ORS 161.665(3) specifies the type of defendant against whom costs may be assessed:

"The court shall not sentence a defendant to pay costs unless the defendant is or will be able to pay them. In determining the amount and method of payment of costs, the court shall take account of the financial resources of the defendant and the nature of the burden that payment of costs will impose."

In State v. Fuller, supra, we held that "* * * If there is no likelihood that a defendant's indigency will end, a judgment for costs cannot be imposed. * * *" 12 Or. App. at 159, 504 P.2d at 1397. In the same case, the United States Supreme Court held that ORS 161.665 did not violate a defendant's Sixth Amendment right to counsel only because

"* * * The Oregon statute is carefully designed to insure that only those who actually become capable of repaying the State will ever be obliged to do so. Those who remain indigent or for whom repayment would work `manifest hardship' are forever exempt from any obligation to repay." 417 U.S. at 53, 94 S. Ct. at 2124.

We conclude that due process requires that a defendant be afforded notice that costs may be imposed and be given an opportunity to be heard on whether the imposition of such a requirement is appropriate.[4] Thus, on remand, the trial court should determine whether the requirement that petitioner pay for the costs of his defense was imposed in petitioner's absence and, if so, whether petitioner was given notice and the opportunity to address the propriety of the condition of probation.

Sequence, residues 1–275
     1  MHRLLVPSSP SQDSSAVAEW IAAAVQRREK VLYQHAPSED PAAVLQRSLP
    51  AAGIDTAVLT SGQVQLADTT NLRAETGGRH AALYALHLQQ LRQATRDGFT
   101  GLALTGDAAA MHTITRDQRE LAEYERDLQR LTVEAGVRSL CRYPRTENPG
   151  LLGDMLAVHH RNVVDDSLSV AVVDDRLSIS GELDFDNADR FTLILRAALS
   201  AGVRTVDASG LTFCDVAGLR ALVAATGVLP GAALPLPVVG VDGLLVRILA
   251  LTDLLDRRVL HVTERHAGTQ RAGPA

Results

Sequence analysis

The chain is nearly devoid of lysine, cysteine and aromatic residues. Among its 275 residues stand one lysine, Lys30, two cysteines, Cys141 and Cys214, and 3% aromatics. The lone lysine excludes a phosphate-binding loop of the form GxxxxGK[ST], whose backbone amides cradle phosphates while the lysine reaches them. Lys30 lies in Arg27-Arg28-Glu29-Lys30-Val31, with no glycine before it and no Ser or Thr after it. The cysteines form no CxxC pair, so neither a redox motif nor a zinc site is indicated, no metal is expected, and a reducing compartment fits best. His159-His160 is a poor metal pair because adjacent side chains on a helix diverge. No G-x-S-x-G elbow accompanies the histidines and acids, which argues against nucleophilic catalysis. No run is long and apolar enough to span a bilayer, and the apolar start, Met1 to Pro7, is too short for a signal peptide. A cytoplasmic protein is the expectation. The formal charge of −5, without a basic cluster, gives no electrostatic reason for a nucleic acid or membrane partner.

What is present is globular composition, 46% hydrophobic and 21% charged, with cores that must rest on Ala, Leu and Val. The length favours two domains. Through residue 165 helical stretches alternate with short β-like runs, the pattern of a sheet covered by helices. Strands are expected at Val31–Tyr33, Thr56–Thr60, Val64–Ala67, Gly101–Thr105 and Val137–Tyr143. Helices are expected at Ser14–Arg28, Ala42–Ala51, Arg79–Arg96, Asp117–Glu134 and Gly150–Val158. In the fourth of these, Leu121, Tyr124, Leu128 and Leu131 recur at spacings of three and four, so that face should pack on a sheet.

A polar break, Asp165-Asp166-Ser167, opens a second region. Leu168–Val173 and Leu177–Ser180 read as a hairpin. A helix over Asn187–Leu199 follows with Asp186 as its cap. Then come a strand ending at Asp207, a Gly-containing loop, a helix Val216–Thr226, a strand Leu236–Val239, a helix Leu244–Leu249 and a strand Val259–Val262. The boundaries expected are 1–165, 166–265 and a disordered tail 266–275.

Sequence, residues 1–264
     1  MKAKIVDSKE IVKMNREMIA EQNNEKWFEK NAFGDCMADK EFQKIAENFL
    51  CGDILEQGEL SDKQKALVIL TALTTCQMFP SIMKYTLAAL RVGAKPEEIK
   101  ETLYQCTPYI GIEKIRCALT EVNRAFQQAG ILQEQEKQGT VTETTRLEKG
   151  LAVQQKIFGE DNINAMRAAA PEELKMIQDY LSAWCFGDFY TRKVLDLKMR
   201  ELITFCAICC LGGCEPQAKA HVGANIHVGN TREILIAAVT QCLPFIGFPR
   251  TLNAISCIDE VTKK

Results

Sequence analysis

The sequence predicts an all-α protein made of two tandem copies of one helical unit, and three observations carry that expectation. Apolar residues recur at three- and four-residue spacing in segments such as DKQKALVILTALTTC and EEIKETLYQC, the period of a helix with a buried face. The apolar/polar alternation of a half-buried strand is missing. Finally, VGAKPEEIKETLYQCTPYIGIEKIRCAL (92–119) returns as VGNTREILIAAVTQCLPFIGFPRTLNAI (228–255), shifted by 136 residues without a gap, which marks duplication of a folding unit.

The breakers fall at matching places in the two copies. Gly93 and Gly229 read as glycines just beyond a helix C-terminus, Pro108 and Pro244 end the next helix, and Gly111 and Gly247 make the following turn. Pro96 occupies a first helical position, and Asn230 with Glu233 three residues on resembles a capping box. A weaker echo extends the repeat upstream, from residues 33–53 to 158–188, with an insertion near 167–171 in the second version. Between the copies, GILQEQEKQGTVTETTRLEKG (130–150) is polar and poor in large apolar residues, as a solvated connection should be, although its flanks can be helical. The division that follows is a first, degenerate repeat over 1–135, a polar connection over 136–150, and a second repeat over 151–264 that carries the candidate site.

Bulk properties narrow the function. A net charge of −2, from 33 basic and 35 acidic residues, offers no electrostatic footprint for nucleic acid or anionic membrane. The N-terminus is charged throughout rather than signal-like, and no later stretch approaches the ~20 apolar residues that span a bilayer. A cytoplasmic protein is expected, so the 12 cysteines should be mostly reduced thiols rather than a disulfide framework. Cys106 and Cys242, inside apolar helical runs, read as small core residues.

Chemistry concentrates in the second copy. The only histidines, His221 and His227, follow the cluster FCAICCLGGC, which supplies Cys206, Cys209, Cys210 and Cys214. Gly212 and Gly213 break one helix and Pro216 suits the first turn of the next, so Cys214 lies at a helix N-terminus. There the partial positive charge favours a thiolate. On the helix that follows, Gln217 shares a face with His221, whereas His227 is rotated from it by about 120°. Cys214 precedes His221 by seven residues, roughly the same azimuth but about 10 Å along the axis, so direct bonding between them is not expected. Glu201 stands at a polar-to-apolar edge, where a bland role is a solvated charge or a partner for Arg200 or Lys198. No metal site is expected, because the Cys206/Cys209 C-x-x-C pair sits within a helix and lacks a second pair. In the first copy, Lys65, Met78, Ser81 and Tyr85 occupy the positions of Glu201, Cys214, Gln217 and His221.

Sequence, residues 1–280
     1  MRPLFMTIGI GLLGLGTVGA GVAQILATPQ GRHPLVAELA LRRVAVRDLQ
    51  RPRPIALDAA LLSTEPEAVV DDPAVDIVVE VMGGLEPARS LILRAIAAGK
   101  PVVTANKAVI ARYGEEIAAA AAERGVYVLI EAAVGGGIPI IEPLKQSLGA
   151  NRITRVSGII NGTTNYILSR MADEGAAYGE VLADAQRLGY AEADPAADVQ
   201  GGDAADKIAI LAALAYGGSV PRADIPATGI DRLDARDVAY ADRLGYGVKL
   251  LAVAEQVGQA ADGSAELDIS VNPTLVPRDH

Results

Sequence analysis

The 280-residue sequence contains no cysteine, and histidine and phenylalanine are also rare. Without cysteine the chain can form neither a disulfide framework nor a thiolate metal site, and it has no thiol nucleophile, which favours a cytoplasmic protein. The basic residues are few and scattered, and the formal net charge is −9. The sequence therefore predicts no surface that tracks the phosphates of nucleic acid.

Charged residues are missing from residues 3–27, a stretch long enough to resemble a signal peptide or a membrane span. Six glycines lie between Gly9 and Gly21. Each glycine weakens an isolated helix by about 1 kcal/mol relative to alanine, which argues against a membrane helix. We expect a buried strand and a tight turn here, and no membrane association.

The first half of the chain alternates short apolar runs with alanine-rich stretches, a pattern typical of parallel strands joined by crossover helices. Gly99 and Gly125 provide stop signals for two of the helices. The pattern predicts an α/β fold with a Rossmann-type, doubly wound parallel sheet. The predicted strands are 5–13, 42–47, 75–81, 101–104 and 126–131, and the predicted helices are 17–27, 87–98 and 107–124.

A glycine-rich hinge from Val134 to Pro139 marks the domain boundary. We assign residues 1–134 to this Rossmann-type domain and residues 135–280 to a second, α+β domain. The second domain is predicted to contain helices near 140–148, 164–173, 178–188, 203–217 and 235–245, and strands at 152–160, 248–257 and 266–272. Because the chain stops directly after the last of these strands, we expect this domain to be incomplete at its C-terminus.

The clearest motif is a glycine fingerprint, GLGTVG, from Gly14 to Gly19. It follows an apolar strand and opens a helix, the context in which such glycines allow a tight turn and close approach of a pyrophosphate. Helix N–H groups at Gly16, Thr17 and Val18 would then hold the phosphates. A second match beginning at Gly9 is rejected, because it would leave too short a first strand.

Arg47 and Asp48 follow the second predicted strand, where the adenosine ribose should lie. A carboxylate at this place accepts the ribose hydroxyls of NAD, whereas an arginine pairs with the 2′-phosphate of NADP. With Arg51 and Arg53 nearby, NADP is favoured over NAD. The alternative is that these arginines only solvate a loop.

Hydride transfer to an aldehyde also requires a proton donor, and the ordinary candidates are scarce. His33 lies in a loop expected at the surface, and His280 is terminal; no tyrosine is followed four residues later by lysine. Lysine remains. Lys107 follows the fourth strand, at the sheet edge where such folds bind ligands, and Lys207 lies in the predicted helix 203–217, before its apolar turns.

Reversed and remanded.


[1] The state suggests that petitioner could have requested the court to modify the conditions of probation pursuant to ORS 137.540 which states that a court "may at any time modify, the conditions of probation". An order denying a motion to modify would not be appealable. ORS 138.020, 138.040.

[2] Only two courts have held that a defendant need be present at sentencing when only a fine is involved. In Chastain v. State, 75 Ga. App. 880, 45 S.E.2d 81, 83 (1947), the court held that a defendant's presence was necessary to yield the formality necessary for legal proceedings and to publicly establish the defendant as an example which might deter similar conduct on the part of others. In Gray v. State, 158 Tenn. 370, 13 S.W.2d 793 (1929), the court held, at least by implication, that a defendant has a due process right to be present at any sentencing proceeding.

[3] The issue has not been considered under the Oregon Constitution.

[4] We need not here consider whether defendants need be given notice that the specific conditions of probation listed in and permitted by ORS 137.540 may be imposed.